Your Branding

Following Android design patterns doesn't mean that your app has to look the same as everyone else's. In Android, your app can shine as an extension of your brand.

Color

Material Design

UI Color Application

Use your brand color for accent by overriding the Android framework's default blue in UI elements like checkboxes, progress bars, radio buttons, sliders, tabs, and scroll indicators.

Look for opportunities to use high-contrast color for emphasis, for example, as the background color of the action bar or a primary button. But don't go overboard: not all actions are equal, so use it only for the one or two most important things.

When customizing colors, touch feedback should be subtle — just slightly lighter or darker than the untouched color.

 
The four colors of the Google Wallet logo provide a playful accent to the four dots that appear as the user enters a PIN.
The Google Play Music app has an orange theme color, which is used for emphasis in the action bar and for accent in the selected tab, scroll indicator, and hyperlinks.

Your app's launcher icon is a key place to incorporate your logo, because it's what users will look for and touch to begin using your app. You can carry the launcher icon through to all the screens in your app by showing it in the action bar along with the name of the app.

Another approach to consider is to have your logo take the place of the launcher icon and app name in the action bar.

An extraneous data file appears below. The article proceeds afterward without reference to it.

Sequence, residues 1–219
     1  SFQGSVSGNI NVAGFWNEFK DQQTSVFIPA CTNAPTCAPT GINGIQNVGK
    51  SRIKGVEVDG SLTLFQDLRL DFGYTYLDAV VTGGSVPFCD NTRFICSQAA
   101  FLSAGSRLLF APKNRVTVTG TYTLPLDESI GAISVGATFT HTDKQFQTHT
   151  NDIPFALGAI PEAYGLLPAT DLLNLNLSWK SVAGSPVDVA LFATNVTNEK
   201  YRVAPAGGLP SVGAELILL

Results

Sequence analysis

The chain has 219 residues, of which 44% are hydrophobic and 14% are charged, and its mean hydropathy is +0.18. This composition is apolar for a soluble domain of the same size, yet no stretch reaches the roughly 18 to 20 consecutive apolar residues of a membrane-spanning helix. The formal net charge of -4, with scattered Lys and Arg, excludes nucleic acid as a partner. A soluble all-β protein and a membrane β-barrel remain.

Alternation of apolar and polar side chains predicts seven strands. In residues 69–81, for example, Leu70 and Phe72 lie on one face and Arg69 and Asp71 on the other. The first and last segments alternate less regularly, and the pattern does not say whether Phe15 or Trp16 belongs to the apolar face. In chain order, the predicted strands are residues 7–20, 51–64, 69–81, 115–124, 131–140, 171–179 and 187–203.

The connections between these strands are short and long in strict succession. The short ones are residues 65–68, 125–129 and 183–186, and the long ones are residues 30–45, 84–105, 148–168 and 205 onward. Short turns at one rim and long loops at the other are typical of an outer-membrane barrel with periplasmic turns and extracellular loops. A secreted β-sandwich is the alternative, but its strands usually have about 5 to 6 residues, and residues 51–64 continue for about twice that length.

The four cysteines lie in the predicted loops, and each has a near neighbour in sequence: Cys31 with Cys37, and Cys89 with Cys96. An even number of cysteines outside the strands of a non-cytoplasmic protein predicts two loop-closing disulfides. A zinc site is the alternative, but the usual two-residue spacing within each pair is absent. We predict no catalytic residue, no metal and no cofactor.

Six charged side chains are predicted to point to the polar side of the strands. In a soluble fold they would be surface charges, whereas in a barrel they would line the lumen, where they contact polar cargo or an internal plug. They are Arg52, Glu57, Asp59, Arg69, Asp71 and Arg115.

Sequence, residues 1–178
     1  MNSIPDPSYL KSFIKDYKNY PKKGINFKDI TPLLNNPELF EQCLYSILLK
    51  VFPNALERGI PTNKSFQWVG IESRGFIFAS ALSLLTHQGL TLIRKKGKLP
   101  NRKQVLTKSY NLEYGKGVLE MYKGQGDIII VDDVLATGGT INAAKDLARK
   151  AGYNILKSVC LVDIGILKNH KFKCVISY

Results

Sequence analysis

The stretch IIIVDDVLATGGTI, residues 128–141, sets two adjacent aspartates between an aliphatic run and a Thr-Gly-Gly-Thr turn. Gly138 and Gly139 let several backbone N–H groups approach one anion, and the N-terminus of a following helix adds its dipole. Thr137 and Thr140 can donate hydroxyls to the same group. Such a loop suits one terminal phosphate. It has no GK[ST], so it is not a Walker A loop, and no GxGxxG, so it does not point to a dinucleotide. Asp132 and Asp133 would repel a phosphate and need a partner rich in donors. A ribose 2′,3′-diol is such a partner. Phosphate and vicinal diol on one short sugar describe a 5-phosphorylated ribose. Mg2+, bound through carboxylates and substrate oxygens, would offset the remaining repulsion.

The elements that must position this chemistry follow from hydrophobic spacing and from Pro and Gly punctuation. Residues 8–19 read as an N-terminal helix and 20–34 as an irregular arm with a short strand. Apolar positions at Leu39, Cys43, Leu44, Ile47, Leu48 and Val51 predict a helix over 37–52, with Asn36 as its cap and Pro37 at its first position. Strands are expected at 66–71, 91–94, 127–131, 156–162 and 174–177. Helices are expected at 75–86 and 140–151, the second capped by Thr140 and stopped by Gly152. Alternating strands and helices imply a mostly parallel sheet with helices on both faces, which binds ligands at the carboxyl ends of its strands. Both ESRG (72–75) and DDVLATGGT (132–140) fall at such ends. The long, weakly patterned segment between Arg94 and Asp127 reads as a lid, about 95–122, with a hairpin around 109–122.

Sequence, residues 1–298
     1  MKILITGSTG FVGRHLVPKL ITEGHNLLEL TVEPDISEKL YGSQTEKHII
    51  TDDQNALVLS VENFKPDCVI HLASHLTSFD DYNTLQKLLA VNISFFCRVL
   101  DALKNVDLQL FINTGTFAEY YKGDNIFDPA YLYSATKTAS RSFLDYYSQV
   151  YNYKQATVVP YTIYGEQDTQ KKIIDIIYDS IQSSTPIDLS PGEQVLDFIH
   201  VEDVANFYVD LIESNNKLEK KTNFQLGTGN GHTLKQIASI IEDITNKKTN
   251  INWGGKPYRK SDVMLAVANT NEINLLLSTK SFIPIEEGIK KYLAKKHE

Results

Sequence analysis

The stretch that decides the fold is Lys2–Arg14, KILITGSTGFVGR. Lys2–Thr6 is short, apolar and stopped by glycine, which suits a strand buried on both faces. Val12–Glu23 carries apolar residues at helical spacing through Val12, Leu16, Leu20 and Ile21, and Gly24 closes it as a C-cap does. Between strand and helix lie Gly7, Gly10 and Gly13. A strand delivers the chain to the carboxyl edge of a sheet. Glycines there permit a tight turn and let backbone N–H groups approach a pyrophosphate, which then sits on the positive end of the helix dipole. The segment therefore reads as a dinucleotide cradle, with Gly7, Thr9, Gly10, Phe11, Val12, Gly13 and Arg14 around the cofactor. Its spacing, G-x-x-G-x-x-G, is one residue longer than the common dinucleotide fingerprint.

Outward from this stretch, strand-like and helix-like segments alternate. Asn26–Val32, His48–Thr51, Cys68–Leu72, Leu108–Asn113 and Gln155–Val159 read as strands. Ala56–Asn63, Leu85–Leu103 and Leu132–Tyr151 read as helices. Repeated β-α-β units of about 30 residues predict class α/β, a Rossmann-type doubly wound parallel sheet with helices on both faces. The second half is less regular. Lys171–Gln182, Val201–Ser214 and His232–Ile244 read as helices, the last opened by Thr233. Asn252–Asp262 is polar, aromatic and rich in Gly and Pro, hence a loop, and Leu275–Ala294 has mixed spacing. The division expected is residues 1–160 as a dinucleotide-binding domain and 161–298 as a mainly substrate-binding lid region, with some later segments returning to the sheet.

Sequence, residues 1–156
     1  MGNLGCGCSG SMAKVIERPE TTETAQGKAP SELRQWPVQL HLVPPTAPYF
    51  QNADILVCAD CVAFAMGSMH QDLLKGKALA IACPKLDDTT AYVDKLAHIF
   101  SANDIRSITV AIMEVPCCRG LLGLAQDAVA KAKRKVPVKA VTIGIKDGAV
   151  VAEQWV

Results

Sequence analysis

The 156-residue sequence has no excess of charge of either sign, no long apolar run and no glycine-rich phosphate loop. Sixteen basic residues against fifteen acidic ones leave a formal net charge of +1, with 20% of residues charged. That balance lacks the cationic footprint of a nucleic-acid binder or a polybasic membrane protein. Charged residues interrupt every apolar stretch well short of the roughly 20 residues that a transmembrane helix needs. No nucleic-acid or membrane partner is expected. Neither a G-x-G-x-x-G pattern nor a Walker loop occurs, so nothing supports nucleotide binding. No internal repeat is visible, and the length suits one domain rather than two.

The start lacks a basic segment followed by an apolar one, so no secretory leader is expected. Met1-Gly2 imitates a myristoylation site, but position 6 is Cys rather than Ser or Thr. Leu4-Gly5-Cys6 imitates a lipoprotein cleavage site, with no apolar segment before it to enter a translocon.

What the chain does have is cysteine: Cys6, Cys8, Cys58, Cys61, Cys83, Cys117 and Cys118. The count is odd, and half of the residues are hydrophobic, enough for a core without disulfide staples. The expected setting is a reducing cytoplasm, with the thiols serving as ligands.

Google+ reinforces its brand by carrying its launcher icon through to the action bar.
Example of a the logo in the action bar. This works well in cases where the brand's logo matches the name of the app.

Material Design

Icons

If you have icons that you're already using for your app on other platforms and they have a distinctive look intended to fit your brand, use them on your Android app as well. If you take this approach, make sure your brand styling is applied to every single icon in your app.

One exception: For any icon in your existing set where the symbol is different from Android's, use Android's symbol but give it your brand's styling. That way, users will understand what the purpose of the icon is based on what they've learned in other Android apps (Design principle: Give me tricks that work everywhere). But the icon will still look like it belongs with all of your other icons as a part of your brand.

Example:

The brand's normal icon for sharing on other platforms is a right arrow.

Don't Do

What if you don't already have your own icons — for example, if you're creating a brand new app only for Android? In this case, use Android's standard icons and rely more on color and logo for branding. Get the Action Bar Icon Pack, available for free in Downloads.